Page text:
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UPDATED at 2:30 p.m. with statement from special prosecutor.ST. LOUIS — Circuit Attorney Kimberly M. Gardner on Thursday denied any wrongdoing in her prosecution of former Gov. Eric Greitens, her first public statements since a special grand jury indicted a former FBI agent she hired to investigate the ex-governor.

“I steadfastly maintain that I did not do anything unethical or illegal,” Gardner said at a news conference Thursday at the Carnahan Courthouse. “I’m going to say it time and time again, I know you guys are not going to report it. We’re going to hold people accountable even when it’s not popular to, I guess, the media.”

Her office pursued the Greitens prosecution “like any other case, and I’m going to stand on, ‘We did nothing wrong,’” she said.

Gardner said controversy over a special prosecutor’s investigation of the man she hired in the Greitens case “has the potential to further erode the trust in the criminal justice system, especially in communities where such faith is already weak.”

“Now, we have to stop spending our time and limited resources looking at one case as if this is the only measure of competence and success,” she said.

The conclusion of the special grand jury this week lifted a judge’s gag order in the investigation, enabling Gardner to speak out about the case.

Last month, the special grand jury indicted William Don Tisaby, whom Gardner hired to investigate Greitens in the run-up to his trial date last year. Gardner dropped the cases against Greitens in May 2018, and Greitens resigned in exchange for the dismissal of one of those cases.

The indictment of Tisaby on charges of perjury and evidence tampering cast a shadow on Gardner’s office by lobbing a series of allegations against her: that she failed to correct Tisaby’s lies, failed to report them to police, and made incorrect statements to defense lawyers and a judge.

Sources told the Post-Dispatch this week that a new grand jury may be empaneled to continue investigating Gardner’s office. A new jury likely would be tasked with reviewing thousands of Circuit Attorney’s Office emails seized by police in late April, which could reveal more about how Gardner handled the Greitens case.

Tisaby’s indictment came after a monthslong investigation led by Gerard “Jerry” Carmody into allegations that Tisaby had lied during a March 2018 deposition before Greitens’ criminal trial date. Tisaby’s lawyer has staunchly denied the charges.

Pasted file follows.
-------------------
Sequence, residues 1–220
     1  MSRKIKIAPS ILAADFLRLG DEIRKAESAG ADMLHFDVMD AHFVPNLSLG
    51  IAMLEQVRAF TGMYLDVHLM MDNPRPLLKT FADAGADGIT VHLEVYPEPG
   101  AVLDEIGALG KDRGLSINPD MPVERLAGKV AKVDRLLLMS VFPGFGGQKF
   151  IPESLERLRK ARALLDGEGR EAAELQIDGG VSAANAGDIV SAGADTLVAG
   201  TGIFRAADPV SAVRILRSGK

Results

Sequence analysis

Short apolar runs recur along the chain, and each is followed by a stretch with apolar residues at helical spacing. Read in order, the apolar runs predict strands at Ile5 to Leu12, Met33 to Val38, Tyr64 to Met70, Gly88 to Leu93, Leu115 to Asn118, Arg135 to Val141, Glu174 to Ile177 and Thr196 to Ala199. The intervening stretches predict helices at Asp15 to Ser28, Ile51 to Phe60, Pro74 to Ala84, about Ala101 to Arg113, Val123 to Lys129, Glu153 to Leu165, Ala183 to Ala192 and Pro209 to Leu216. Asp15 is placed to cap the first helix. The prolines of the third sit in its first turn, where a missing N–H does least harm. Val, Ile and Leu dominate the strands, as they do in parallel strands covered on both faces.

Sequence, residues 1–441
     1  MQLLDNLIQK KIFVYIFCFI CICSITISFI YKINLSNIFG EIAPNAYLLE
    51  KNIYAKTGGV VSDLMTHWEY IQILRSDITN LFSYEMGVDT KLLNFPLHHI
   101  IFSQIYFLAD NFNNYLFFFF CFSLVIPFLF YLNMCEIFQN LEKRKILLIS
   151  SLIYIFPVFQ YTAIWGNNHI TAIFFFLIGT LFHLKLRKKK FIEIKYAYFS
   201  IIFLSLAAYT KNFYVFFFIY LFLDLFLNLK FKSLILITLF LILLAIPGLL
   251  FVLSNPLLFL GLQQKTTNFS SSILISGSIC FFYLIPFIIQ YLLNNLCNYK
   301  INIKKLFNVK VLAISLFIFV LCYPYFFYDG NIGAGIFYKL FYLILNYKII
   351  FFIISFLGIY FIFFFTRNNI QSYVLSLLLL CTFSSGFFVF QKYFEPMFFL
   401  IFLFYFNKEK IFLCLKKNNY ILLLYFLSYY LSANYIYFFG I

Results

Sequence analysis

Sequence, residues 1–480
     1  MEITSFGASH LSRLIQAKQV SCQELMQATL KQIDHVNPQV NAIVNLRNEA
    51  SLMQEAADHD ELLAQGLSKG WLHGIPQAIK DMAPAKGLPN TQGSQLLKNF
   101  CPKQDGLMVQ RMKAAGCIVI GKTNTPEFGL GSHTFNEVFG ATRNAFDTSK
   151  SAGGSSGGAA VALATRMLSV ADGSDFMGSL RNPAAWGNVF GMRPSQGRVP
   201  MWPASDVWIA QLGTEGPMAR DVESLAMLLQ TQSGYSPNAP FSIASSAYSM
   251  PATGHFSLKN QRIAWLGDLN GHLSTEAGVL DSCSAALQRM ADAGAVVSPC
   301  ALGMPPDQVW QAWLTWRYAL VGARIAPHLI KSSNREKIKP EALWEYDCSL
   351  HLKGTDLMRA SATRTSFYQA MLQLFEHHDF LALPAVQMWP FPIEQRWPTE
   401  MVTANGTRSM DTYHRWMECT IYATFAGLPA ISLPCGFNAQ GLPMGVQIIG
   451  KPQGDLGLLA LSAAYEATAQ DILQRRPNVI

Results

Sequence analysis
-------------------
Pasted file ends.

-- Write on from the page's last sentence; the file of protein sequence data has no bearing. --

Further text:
In a prepared statement Thursday, Carmody said the term of the grand jury that indicted Tisaby had expired “prior to the conclusion of the investigation” and that it could not be extended by law.

“Notwithstanding the expiration of that grand jury’s term, the investigation into possible criminal activity will continue,” Carmody said. He declined further comment, citing the ongoing investigation.

Gardner, at her news conference, would not take questions about the Tisaby case because it’s pending. She sidestepped a question about whether she’s concerned about the ongoing investigation into her office.

“This is an example of an unfair system that uses the laws to attack, to point out, to misrepresent, to put a cloud over the hard-working men and women who are in this office who do their job every day and will continue to do their job every day,” she said. “... and they want to make it about Kim Gardner.”

Gardner is also facing an ethical complaint filed by Greitens’ lawyers with the agency that investigates and disciplines lawyers.

At the news conference, Gardner was surrounded by political, clerical and community supporters who believe she is the victim of a political, racist and sexist attack. They praised Gardner on Thursday, saying she is pursuing a reform agenda to make the criminal justice system fairer to minorities.

She concluded her news conference by praying with her supporters.

Gardner has hired about a half-dozen lawyers at taxpayer expense to defend her and the Circuit Attorney’s Office in the Tisaby investigation, but it is unclear how much the case is costing. The St. Louis Circuit Court, meanwhile, has set aside about $250,000 toward the special prosecutor’s probe. Gardner’s office spent more than $115,000 to prosecute the governor.

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